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WWE wrestlers too scared to complain about their payoffs to Jane Geddes

In the latest example of life imitating art in pro wrestling, WWE wrestlers are too scared to complain about their payoffs to executive Jane Geddes, just like they are powerless to stand up to Triple H and Stephanie McMahon's bullying on TV.

Triple H, an intimidating figure in real-life, as well as on-screen.
Triple H, an intimidating figure in real-life, as well as on-screen.
Michael N. Todaro

Jane Geddes, the corporate star of WWE's Total Divas reality show, is growing in power and influence in the company, after she was made Paul Levesque's (aka Triple H) key office assistant, after he shockingly let go of Peter Leone, his previous confidante, earlier this month for reasons that are currently unknown.

One of Geddes's key duties up to now in her prior role as WWE's Senior Vice President and Head of Talent Relations was handling the payoffs of the wrestlers, having been taught the company's system for doing so from Jim Ross before he was forced into WWE retirement. Basically, a fixed percentage of the live gate and pay-per-view revenue is allocated to pay the talent with the rule of thumb being that the wrestlers who are higher on the card and were most responsible for drawing the money being paid a bigger share of the proceeds.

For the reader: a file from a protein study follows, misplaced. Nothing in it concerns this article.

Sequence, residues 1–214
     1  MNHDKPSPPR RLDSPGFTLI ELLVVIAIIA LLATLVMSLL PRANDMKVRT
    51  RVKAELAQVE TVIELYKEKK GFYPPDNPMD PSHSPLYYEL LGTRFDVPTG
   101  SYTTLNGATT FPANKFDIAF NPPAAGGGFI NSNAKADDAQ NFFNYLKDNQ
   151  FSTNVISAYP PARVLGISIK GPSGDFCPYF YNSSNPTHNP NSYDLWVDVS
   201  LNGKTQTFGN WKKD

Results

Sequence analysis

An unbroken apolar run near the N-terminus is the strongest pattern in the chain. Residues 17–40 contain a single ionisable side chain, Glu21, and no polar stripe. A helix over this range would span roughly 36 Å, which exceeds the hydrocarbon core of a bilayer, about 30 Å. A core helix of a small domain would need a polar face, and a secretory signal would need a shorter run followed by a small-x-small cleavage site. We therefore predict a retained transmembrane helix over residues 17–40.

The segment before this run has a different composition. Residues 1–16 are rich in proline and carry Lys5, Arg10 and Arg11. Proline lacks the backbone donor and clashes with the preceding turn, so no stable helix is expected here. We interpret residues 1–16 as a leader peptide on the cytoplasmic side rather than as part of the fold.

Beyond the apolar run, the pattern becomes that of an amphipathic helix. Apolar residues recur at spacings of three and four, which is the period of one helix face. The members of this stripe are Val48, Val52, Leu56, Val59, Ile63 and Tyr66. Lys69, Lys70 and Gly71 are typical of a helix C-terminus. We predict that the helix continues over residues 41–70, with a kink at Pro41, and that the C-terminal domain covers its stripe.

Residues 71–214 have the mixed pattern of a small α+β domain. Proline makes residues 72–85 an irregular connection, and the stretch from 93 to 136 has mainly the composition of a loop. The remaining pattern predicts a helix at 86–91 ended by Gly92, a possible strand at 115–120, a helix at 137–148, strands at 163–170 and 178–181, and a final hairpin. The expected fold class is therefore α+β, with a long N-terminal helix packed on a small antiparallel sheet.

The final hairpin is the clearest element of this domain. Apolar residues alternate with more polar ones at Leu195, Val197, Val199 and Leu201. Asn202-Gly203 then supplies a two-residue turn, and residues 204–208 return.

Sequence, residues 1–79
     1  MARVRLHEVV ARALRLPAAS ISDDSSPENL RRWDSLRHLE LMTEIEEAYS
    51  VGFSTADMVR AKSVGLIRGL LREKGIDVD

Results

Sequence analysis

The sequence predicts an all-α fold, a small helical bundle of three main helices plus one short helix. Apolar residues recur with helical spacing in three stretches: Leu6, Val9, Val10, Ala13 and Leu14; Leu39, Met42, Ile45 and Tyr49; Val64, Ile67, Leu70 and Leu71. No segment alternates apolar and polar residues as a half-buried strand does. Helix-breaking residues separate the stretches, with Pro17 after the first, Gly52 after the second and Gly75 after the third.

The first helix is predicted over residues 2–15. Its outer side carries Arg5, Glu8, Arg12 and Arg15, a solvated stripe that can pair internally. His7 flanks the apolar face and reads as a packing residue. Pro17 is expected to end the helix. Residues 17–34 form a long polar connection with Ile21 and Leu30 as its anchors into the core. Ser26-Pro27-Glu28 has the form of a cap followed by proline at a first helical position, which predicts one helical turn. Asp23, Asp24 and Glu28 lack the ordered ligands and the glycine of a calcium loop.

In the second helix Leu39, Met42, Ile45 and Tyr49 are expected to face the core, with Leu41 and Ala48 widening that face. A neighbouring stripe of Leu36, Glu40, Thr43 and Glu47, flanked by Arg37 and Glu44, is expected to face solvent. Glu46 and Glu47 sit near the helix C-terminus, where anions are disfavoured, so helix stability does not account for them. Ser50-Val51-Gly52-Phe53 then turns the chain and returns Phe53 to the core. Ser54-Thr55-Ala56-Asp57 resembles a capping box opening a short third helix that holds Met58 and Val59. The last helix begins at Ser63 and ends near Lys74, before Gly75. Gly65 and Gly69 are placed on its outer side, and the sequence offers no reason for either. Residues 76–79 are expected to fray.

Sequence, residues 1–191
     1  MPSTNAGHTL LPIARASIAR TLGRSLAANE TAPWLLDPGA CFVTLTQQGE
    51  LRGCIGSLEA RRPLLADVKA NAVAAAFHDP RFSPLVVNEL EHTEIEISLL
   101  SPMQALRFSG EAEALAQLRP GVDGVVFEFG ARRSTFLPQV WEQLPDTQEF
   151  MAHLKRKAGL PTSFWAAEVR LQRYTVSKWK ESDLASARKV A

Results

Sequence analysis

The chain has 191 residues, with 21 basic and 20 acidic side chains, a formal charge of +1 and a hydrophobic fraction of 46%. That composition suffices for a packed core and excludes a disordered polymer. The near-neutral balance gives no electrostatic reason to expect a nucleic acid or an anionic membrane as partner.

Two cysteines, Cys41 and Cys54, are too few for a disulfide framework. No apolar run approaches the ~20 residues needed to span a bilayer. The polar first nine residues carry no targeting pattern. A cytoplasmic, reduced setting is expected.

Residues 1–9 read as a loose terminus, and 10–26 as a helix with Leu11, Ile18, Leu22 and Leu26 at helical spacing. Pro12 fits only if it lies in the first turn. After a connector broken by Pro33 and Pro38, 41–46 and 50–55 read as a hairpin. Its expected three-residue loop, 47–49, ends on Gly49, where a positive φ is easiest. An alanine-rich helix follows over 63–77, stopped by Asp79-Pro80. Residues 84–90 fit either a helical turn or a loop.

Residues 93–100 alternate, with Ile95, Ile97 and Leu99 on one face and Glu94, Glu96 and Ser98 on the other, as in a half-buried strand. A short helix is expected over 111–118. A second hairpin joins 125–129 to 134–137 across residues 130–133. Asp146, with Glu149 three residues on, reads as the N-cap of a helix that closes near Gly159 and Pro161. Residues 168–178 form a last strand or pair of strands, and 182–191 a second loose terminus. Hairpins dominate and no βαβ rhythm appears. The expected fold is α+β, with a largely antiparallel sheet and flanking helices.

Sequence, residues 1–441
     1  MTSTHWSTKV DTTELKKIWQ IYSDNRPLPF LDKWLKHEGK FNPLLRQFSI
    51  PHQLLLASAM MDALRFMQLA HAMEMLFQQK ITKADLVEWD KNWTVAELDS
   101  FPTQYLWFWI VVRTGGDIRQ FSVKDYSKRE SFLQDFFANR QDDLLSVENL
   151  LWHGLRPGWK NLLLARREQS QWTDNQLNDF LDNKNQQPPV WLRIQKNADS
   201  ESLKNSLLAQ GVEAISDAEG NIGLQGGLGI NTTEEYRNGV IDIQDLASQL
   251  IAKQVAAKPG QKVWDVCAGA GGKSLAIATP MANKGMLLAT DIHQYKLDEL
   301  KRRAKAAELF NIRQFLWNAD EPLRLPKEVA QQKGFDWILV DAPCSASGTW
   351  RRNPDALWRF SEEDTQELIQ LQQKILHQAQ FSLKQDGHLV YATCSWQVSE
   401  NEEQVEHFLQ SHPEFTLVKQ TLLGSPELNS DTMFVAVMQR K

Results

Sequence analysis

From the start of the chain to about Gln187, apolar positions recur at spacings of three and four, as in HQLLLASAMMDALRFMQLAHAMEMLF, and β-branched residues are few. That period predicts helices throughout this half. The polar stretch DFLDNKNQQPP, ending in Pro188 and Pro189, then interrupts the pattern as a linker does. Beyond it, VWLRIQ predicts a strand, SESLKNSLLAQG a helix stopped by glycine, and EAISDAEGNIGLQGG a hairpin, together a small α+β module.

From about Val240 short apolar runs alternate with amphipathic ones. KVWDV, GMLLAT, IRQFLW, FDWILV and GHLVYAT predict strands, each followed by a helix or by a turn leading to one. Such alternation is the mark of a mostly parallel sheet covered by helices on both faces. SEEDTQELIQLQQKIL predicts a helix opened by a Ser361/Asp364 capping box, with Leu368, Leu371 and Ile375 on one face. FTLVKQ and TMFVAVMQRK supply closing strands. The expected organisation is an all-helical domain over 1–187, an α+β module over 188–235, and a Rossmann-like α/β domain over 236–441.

Given that Geddes has only been working in the pro wrestling business for a little over two years, this could be a recipe for disaster. However, as she's Triple H's hire and most wrestlers are treated as replaceable cogs in an ever spinning wheel by company management, there has been no complaints about payoffs under her watch, according to Dave Meltzer in this week's subscriber only Wrestling Observer Newsletter:

"I never heard anything negative about Geddes, but these days, people are scared of their shadows and nobody was going to complain about her or to her for a variety of reasons. But when you have people who really don’t know the product, it’s more likely they’ll just go with position on the card and a straight formula as opposed to instincts."

This is the latest example of life imitating art in pro wrestling. On TV, the WWE performers are routinely made to behave like subservient schoolchildren who are powerless to stand up to the bullies in charge, while in reality, they are so worried about keeping their jobs and their push if they are lucky enough to have one that they won't say boo to a goose. But who can blame them, when talented wrestlers like Dolph Ziggler are buried for the pettiest of reasons?

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